Youth work and sport: research results

Amanda Vernalls, Research and Knowledge Manager, Youth Sport Trust

Wednesday, June 1, 2022

Analysis from the Children’s Commissioner for England in 2022 found that when children came out of lockdown what they most wanted to do was play. Play and sport help children build friendships, empathize and understand each other.

They develop their social skills and find a place in the world. The context of sport can offer both freedom and responsibility through a less structured, safer and informal space where they can learn life lessons. Physical activity has a direct impact on mood, concentration and aids in learning. All of this carries over into the classroom and beyond into adulthood. Our charity knows the power of play and sport to change lives, but still many people are unaware of these positive benefits.

Here we present an overview of the latest research. We cannot create change alone; we need as many people as possible to become agents of change to help us reclaim play and sport in the lives of children.

The benefits of participating in play and sport

Young people are not getting enough physical activity and at the same time schools in England have seen significant reductions in the amount of PE in the school calendar. Furthermore, inequality has led to an achievement gap, and the current slow progress in closing this gap means that it will persist for decades.

We know that physical activity contributes to physical health, mental and social well-being, and the development of life skills, but it has broader benefits. Our evidence and industry research demonstrates the positive association we see between physical activity, learning and achievement in children and youth, underscoring the importance of maintaining focus and investment in this domain. Schools have a unique role to play in influencing children’s motivation to participate in activities and providing them with opportunities. Evidence shows that physical activity can improve cognition, emotional regulation, help children focus and is associated with higher levels of academic achievement (see graphs).

When students at Holy Family Catholic School in Birmingham returned to school on March 8, 2021, after a year of intermittent closures, NQT, newly appointed Grade 3 class teacher and physical education co-ordinator Drew Hill , reported that students were “disengaged and preoccupied”. Elements of their learning, including handwriting and concentration, had suffered. In the first four weeks back to school, much of the usual curriculum has been put on hold in favor of a simplified approach including English, maths, RE and physical education. Students reported feeling “nervous” and “shy” upon their return, as well as excited to see and spend time with their friends. Levels of physical activity during lockdown were low among students, with many reporting having done no physical activity at home. Teachers also noted that students seemed unfit and easily fatigued when participating in activities.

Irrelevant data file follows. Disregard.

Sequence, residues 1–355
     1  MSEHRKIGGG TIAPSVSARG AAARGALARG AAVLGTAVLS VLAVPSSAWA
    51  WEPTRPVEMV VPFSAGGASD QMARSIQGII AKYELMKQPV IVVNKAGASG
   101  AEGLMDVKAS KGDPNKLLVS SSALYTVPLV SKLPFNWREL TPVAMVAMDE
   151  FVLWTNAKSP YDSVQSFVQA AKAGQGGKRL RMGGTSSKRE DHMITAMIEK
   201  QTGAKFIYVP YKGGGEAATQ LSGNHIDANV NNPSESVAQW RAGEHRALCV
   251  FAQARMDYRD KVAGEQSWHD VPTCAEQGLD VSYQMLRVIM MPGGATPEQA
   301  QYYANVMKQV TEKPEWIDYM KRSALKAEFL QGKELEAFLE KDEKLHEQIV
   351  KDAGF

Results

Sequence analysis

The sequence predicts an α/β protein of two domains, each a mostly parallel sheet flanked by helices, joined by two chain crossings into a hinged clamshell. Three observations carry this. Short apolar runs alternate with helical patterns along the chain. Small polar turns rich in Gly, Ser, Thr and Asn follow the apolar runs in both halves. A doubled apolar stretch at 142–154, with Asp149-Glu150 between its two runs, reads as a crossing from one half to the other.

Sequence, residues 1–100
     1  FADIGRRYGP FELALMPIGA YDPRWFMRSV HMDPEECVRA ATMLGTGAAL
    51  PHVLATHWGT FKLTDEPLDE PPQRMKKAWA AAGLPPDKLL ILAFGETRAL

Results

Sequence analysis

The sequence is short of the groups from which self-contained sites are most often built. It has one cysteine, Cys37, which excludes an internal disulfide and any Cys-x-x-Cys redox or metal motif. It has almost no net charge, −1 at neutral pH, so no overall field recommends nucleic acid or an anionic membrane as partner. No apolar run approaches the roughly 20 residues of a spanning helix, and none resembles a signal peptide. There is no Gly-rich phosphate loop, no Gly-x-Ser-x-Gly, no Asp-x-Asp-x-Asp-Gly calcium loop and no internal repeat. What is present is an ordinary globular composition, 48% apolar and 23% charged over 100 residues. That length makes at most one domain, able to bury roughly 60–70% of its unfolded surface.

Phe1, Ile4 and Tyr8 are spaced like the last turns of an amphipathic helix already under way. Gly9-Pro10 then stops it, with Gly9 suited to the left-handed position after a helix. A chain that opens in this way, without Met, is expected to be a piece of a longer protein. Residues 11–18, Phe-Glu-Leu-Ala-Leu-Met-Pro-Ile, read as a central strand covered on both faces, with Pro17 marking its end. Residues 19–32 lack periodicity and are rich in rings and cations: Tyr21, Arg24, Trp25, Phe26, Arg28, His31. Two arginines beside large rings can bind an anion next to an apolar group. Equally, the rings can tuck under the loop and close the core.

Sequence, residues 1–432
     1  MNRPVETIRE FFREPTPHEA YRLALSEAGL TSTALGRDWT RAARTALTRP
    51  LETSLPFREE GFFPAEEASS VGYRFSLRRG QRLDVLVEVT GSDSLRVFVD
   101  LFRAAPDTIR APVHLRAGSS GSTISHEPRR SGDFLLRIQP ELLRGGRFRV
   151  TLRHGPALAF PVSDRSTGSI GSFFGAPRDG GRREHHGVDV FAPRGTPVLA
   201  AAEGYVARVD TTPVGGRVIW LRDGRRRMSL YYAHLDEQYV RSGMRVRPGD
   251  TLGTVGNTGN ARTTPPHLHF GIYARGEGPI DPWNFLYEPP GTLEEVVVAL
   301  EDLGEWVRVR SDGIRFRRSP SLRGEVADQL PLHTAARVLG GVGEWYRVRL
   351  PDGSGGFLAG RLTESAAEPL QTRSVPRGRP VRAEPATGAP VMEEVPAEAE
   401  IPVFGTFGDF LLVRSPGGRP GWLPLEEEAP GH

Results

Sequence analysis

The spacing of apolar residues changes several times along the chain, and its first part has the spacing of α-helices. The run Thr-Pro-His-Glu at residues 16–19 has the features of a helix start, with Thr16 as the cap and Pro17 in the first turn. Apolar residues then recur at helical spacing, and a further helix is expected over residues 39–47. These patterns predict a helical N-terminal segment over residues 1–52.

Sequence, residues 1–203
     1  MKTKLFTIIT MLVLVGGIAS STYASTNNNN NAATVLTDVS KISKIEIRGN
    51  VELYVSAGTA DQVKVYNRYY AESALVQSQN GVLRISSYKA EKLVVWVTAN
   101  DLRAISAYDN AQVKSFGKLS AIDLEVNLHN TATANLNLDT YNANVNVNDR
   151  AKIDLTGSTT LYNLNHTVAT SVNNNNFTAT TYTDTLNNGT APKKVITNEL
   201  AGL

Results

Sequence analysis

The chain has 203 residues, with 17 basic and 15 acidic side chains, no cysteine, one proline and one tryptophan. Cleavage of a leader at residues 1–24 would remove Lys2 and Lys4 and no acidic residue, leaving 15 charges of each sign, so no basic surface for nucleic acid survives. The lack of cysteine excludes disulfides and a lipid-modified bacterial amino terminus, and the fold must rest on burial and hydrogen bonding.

To address this issue, Holy Family tore up the calendar and prioritized sporting events and opportunities to engage in outdoor teaching and learning. Playground activities were encouraged, physical education was built into every school day to ensure students were as active as possible, and Key Stage 1 students used active videos each morning.

Students in Key Stage 2 had 15-minute ‘after the break’ activity sessions each day during which they played fast-paced team games to get their heart rates up. A schedule was also arranged to allow one class to both hit the playground and run a mile throughout the day.

As a result, the students gained confidence. They rebuilt friendships and were “excited” to be outside and play with friends. Fitness levels and endurance have improved, as well as focus and willingness to learn.

Inequalities and access to sport after school

Children from disadvantaged backgrounds are less likely to access and understand the benefits of sport and play, according to research from Sport England. Young people from lower socio-economic groups in the UK are also the least confident in engaging in physical activity.

In 2020 Mike Diaper, then Executive Director of Children and Young People at Sport England, reportedly said: ‘It is clear now that wealth is the most important factor in conduct issues along with mental or physical well-being and the activity levels. The richer you are, the more choices you have, for example access to clubs. The more affluent also have access to private spaces for exercising, such as gardens. The less well-off depend more on schools and public places.

With the risk of rising levels of inequality in the UK in the post-pandemic era, it is vital that the current gap in engagement with sport is closed in the short term (see charts). Sport participation has the potential to drive social mobility and increase levels of opportunity across all social groups. However, unlocking this potential will require determining to what extent income levels shape engagement in sport.